For me, Brandon’s last solo effort, Flamingo, was too much like The Killers. When you take a break from your band and go solo, I’m a strong believer that you need to release something different, otherwise what’s the point? Thankfully, that’s exactly what Brandon has done on new album The Desired Effect, picking up on 80s fuelled pop, bringing in influences form his favourite artists of the era and working his magic like a man possessed by an entire decade.
As the horns on Dreams Come True fade in, you can tell this record is going to be something special. Like many of The Killers opening tracks, Brandon’s voice draws you in, begging you to not only listen to the music, but pay attention to the lyrics from the off set. His ability to wrap words around a beat that leaves you helpless but to fall for his charm and swagger is why he’s got to where he is.
Lead single Can’t Deny My Love is the 80s incarnate. It’s everything you remember and more as it hightails off into mesmerizing synths, Duran Duran guitars and New Order dystopian passion; think the madness of classic children’s movie Labyrinth, set against the style and sultry swagger of Prince. I Can Change is also worth a mention, actually sampling Bronski Beats Smalltown Boy and getting away with it in a brilliant way. Pet Shop Boys influences rise above the music as Brandon’s clipped and boyish vocals drive the song better than Suggs in a Jaguar (or not quite a Jaguar).
You can almost taste how much work and love has gone into this record the deeper you delve. Brandon has really thrown himself in headfirst and it comes out in the music, none more so than on Untangled Love. Beating drums lead into an energetic rush to the head as the singer belts out tales of woe, wonder and life journeys gone by: ‘Been 21 years since I left home, still looking for a place to call my own’.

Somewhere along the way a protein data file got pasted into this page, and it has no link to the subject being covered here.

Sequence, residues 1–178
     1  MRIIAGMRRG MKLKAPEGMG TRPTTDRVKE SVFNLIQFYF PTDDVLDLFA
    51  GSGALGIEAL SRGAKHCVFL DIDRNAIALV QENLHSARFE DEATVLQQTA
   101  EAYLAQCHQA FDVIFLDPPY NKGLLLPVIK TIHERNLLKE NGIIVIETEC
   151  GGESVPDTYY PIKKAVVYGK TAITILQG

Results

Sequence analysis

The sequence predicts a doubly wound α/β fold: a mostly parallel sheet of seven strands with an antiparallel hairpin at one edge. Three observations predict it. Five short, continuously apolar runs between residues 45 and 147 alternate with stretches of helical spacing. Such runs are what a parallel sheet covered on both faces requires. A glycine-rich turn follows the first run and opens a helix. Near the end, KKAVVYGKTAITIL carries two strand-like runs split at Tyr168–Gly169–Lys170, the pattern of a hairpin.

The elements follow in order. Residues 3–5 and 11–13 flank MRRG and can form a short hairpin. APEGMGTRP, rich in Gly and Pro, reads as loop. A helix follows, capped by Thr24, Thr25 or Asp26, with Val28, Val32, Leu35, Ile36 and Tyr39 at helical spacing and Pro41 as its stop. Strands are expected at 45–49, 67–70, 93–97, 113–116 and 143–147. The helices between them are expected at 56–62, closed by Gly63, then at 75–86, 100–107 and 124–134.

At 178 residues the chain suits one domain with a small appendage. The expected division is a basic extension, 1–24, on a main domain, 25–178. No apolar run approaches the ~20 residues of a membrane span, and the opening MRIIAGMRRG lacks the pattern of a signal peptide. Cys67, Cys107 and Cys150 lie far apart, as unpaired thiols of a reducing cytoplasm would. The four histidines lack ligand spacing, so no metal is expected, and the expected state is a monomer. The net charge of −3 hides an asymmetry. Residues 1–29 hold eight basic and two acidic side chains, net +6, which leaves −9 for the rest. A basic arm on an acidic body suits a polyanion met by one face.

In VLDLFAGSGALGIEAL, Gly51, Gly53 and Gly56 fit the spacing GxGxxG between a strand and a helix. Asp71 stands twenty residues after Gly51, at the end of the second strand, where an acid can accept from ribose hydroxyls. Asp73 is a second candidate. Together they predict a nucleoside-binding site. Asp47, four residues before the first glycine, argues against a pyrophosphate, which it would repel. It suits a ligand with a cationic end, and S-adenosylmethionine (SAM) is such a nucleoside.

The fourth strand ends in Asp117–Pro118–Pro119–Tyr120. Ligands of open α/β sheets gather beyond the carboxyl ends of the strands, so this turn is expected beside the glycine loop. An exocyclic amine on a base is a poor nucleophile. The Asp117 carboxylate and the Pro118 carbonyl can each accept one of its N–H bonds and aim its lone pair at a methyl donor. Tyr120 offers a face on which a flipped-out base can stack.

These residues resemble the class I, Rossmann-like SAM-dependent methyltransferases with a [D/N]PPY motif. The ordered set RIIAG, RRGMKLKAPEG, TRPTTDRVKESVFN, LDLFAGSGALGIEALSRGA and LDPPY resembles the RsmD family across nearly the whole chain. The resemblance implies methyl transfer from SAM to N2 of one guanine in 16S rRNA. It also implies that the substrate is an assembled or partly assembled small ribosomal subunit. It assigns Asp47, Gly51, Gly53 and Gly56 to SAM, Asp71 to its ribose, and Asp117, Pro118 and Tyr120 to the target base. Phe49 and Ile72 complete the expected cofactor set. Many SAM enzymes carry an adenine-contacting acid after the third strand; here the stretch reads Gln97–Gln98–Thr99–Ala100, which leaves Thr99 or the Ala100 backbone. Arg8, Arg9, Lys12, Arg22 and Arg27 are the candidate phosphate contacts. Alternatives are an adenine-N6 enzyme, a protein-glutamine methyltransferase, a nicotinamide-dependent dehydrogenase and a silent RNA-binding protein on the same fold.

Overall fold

Not content with just encompassing the brash beats and synths, Brandon also manages to thicken out the record with some great heartfelt numbers. Between Me and You is sweet and sultry without being too overbearing, whereas the gentle and almost sadistic The Way It’s Been finishes off the record with an introverted look at moments that move the singer. A Bruce Springsteen tinge sets up the folky feel, even featuring some Beatlesesque harmonising and melodies – the perfect end.
The Desired Effect is a triumph for Brandon’s solo career and a real step forward for the artist. It shows how far he’s developed since Flamingo and sets a standard for anyone wishing to ditch the band and try it on your own. It’s not an easy thing to do, and the fact that it’s only taken Brandon two attempts to produce this quality is something to behold.